Many writers beginning in the 1970s wanted to avoid gendered language.
In particular many academic writers, male as well as female, wanted to break the older habit of always using "he" to mean "he or she", and came up with different approaches.
You will find:
- Some writers alternate between "he" and "she" (some readers find this confusing)
- Some writers always use "s/he", "she/he" or "she or he" (some readers find this ugly)
- Some writers use "he" (some readers find this sexist)
- Some writers use "she" (some readers find this confusing, some find it mannered)
- Some writers use plural-as-singular-of-indeterminate-gender "they" (some readers find this confusing)
- Some writers use second-person ("... a rational DM ... If you were ...", some readers find this too informal)
- Some writers always have plural examples ("... rational DMs .... If they were ...", some readers find this dull)
- Some writers give the abstract people names mnemonic of their roles ("Alice and Bob" in cryptography, who then are naturally she and he. Some readers find this infantile)
- Some writers never use pronouns (".... a rational DM ... If that DM were ...", some readers find this repetitive)
- Some writers give the abstract people letters ("a rational DM X ... if X were ...", some readers find this legalistic or abstract)
All of these approaches have their merits and are widely seen. Each one also has vocal critics.
This and many related issues are covered very well in The Nonsexist Word Finder: A Dictionary of Gender-Free Usage, Rosalie Maggio, Beacon Press (1989). ISBN 0807060011.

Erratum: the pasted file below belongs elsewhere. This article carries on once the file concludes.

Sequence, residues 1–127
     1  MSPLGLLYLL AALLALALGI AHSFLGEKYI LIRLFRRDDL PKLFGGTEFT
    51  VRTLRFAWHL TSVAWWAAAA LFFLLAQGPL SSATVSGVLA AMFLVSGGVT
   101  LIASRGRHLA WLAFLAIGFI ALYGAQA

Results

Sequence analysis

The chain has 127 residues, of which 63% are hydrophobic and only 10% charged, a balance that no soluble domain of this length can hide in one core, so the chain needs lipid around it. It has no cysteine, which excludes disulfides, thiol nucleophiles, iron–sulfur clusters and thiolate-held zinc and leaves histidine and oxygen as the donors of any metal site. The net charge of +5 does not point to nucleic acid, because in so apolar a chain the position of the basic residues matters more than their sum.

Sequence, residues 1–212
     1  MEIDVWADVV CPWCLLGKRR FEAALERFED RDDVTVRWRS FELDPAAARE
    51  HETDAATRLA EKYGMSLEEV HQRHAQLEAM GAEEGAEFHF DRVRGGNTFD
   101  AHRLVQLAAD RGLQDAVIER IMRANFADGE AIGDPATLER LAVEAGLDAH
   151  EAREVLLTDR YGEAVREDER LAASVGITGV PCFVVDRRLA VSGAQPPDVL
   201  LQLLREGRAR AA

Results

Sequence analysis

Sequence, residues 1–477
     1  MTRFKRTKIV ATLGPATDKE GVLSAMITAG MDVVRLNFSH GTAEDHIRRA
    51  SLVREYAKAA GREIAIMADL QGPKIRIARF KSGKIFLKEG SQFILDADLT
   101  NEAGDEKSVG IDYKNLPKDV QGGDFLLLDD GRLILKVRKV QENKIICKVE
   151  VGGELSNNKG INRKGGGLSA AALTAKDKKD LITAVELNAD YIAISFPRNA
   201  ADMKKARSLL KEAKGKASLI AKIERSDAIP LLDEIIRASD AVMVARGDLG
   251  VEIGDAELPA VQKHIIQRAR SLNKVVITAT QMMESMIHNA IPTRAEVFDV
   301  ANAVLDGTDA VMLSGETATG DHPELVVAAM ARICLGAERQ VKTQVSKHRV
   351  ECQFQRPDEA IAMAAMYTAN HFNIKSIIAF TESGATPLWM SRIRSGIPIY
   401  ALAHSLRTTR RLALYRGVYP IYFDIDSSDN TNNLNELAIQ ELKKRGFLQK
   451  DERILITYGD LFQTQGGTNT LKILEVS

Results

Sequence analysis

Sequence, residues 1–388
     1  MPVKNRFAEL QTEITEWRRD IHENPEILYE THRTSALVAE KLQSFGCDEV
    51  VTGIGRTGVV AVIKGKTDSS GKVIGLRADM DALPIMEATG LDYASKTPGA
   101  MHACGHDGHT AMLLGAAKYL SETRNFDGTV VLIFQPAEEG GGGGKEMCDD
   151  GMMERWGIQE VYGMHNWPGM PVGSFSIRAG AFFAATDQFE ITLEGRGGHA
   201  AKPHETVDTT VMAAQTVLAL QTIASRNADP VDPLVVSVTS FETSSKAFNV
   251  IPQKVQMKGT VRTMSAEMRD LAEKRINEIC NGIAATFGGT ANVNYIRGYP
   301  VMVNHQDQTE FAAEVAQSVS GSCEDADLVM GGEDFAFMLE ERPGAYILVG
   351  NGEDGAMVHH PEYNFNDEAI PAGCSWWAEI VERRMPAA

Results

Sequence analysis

Should you do the same?
First: it's worth noting that gender-mismatch errors are extremely confusing to native English speakers. The very common mistranslation of French "Un homme et sa mère" as "A man and her* mother" is confusing and the listener may well ask "whose mother?". Number-mismatch is much less confusing: "Apple is a big company. They are always seeking profit.", here "they" clearly refers to the "[The people of] Apple".
The following are my opinions, and you will certainly get other advice.
It depends entirely on your audience. I would suggest one of the easiest ways for a non-native writer, in technical or scientific writing, to avoid any unintended bias is to use "she/he" and "her/his" (equally the other way "he/she".) No one will give it a second glance or find it confusing, it's not dated, it's not in any way niche, and it's not sexist.
In spoken English (and websites), always-second-person is probably the most common. People under about 50 are also very likely to use singular-they. However, in this particular field (economics/operational research) precision about number looks important (an individual's actions with or against the herd, for example) so I'd suggest you might want to avoid it.